We Are Not As Evolved As We Think

Chances are the things you most worried about are the least of your worries! Here’s how to tell real risks from imagined ones.

Fear feels like anything but a cool detached calculation of the odds. But that’s exactly what it is – a lightning-fast risk assessment performed by the reptilian brain, which is constantly on the lookout for danger. The amygdala (part of the cerebrum) flags perceptions, sends out an alarm message and, before you have a chance to think, your system gets flooded with adrenaline. ‘This is the way our ancestors evaluated risk before we had statistics,’ says Paul Slovic, president of Decision Research, an American research organisation that investigates human judgement, decision making and risk. Emotions are decision-making short cuts.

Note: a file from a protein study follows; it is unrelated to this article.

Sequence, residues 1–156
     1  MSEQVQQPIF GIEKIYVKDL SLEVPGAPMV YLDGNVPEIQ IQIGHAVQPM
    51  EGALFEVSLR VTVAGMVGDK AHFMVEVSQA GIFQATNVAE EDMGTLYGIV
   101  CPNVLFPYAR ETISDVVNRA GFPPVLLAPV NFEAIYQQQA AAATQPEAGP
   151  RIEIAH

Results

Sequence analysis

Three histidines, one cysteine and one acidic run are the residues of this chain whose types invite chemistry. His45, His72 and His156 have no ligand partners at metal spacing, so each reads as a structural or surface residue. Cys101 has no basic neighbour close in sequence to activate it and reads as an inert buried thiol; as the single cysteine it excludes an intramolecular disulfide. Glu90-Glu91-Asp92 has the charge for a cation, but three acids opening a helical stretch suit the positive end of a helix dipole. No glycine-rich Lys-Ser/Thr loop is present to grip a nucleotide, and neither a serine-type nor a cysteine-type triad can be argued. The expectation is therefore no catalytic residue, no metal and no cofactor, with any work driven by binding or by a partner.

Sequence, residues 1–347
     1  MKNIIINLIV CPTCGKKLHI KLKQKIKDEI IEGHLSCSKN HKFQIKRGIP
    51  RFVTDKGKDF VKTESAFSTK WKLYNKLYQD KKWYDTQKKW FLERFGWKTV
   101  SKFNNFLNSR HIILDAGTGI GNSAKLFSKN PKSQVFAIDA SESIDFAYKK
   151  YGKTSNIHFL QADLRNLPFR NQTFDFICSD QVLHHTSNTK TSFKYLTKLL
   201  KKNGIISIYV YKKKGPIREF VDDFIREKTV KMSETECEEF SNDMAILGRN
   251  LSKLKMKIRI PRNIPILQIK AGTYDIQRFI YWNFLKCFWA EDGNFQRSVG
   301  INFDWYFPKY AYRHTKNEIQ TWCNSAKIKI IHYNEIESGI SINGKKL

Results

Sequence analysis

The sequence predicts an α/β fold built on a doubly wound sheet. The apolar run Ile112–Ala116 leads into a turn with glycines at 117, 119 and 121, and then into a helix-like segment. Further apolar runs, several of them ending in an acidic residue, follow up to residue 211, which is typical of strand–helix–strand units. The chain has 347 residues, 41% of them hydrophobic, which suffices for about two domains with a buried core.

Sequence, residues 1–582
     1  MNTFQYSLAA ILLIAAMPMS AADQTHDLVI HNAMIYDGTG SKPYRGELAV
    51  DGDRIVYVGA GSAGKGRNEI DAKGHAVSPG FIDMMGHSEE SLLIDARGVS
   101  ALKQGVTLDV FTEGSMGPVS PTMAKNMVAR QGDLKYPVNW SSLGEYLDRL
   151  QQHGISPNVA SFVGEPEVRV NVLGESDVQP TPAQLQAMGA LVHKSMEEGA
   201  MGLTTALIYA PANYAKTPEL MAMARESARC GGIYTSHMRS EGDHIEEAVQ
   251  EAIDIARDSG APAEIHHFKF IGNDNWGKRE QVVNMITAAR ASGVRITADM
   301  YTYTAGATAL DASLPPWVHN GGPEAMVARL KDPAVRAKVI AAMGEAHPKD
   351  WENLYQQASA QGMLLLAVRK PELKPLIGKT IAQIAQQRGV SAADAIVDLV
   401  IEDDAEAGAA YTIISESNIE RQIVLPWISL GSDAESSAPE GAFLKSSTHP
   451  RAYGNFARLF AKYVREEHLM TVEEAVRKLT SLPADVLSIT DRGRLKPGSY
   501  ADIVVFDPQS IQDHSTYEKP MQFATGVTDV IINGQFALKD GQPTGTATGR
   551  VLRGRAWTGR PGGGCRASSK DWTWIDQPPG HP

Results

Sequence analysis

As a result of these emotional problem-solving procedures, ancient threats such as spiders and snakes cause fear that’s out of proportion to the real danger they pose, while experiences that should frighten us don’t – for instance, fast driving. This is because dangers such as speedy motorised vehicles are relative newcomers to the world. Our instinctive response to being approached rapidly is to freeze and, while this would have worked in the ancestral environment (a predator would be less likely to see us), it doesn’t help when what’s speeding towards us is a car.